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Sannakji or sannakji hoe is a variety of hoe, or raw dish, in Korean cuisine. It consists of live nakji (hangul: 낙지, a small octopus) that has been cut into small pieces and served immediately, usually lightly seasoned with sesame and sesame oil. The nakji pieces are usually still squirming on the plate. It can also be served whole.
Because the suction cups on the arm pieces are still active when the dish is served, special care should be taken when eating sannakji. The active suction cups can cause swallowed pieces of arm to stick to the mouth or throat. This can also present a choking hazard for some people, particularly if they are intoxicated.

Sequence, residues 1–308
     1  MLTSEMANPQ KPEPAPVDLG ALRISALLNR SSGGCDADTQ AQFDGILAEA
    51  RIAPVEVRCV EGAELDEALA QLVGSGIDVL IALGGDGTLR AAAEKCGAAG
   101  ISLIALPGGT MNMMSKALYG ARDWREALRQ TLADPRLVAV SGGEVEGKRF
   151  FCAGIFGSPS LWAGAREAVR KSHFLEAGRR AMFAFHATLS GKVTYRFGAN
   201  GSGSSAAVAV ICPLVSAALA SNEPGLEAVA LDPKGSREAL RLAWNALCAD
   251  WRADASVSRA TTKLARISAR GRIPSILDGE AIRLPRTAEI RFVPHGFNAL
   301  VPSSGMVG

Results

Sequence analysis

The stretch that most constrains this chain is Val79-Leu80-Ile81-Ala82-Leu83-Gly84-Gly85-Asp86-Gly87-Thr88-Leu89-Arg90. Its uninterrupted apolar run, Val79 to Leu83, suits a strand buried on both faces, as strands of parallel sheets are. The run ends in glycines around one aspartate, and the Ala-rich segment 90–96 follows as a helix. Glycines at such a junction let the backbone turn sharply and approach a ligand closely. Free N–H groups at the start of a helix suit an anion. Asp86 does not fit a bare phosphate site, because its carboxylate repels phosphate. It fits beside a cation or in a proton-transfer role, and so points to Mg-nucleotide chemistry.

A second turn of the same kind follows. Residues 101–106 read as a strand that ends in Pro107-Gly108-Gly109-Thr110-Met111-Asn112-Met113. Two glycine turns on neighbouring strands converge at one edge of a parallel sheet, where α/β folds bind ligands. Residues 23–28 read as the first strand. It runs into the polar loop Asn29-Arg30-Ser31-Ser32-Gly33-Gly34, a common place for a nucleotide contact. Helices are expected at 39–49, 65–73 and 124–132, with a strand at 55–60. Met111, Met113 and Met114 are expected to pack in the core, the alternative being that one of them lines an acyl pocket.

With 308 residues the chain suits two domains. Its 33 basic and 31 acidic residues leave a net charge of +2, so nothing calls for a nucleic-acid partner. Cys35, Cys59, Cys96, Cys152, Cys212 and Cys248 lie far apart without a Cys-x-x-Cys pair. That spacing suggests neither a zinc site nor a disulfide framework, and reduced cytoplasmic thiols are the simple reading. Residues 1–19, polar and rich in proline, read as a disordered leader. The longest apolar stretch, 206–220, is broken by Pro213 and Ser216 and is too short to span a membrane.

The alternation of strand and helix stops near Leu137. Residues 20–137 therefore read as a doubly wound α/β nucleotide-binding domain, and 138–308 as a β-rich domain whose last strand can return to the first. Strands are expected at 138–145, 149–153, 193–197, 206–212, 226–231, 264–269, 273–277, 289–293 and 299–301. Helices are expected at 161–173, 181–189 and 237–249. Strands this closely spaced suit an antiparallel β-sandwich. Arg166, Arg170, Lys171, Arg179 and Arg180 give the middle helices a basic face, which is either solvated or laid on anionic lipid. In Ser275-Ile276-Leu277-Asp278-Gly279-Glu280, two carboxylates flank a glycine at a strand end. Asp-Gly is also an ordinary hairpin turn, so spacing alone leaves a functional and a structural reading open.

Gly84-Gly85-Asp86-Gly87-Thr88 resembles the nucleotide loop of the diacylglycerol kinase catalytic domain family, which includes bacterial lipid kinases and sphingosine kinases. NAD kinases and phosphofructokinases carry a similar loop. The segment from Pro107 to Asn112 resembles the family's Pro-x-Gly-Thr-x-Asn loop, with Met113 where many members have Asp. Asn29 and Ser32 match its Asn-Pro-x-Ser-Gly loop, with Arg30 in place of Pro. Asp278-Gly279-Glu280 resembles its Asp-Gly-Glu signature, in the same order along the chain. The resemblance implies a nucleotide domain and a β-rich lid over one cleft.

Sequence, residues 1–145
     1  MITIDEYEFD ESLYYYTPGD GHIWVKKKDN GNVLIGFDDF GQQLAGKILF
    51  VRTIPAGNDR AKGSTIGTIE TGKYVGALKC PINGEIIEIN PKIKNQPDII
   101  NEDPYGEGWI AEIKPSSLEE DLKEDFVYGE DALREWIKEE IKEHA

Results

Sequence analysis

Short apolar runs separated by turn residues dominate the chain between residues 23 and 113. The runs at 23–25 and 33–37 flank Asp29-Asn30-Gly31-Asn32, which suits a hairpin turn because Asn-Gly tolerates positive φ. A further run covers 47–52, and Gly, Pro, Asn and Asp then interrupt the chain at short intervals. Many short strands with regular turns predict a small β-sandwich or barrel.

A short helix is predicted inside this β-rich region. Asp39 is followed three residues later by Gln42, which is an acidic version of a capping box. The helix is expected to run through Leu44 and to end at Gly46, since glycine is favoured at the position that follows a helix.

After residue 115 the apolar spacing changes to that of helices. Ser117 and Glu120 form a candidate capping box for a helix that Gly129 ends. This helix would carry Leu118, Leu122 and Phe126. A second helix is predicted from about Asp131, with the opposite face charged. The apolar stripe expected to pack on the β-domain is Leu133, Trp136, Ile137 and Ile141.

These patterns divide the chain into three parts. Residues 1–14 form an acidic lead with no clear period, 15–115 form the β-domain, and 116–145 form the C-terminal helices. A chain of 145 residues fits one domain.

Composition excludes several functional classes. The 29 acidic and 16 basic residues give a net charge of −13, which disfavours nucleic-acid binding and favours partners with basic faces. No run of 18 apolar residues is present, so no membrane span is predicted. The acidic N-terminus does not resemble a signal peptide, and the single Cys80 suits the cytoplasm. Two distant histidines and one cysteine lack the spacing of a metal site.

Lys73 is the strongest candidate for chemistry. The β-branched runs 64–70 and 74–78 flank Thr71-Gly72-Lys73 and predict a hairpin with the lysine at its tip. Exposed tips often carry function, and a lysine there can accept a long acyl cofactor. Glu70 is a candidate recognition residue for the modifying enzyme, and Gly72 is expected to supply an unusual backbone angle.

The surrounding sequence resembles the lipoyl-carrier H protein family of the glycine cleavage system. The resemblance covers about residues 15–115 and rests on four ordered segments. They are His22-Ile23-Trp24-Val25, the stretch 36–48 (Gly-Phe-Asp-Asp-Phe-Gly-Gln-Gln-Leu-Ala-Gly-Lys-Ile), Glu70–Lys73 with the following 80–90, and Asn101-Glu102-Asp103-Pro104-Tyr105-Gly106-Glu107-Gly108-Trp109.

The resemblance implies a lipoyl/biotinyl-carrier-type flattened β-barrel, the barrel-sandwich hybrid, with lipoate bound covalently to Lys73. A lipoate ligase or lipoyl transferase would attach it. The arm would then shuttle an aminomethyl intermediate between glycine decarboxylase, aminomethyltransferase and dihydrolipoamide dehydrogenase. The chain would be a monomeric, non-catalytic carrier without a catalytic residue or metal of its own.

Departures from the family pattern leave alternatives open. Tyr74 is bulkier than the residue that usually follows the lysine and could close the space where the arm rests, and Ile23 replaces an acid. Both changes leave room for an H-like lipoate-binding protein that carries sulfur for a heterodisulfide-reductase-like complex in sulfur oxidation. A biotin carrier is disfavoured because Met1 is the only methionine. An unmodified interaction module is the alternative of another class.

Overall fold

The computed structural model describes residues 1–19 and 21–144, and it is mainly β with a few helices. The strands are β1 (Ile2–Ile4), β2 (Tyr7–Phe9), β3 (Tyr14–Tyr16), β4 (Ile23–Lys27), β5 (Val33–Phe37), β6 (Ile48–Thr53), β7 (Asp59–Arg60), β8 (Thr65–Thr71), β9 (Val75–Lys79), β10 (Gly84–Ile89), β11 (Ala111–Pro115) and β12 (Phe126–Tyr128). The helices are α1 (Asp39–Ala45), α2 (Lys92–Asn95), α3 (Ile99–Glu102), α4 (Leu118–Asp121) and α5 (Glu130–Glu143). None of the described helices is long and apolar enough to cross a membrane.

Vocabularies in the two Koreas differ on nakji: South Koreans call a small kind of octopus nakji, while North Koreans call a squid nakji (nakchi in McCune–Reischauer romanization).
Sannakji is served in Korean restaurants that serve sliced raw fish, but it also can be found at bars as a snack to accompany alcoholic beverages, such as soju.
Several incidents of choking on Sannakji have been reported. One of the latest incidents occurred in Gwangju.
- ^ Yonhap News 2008-01-21 광주서 산낙지 먹다 기도막힌 사고 잇따라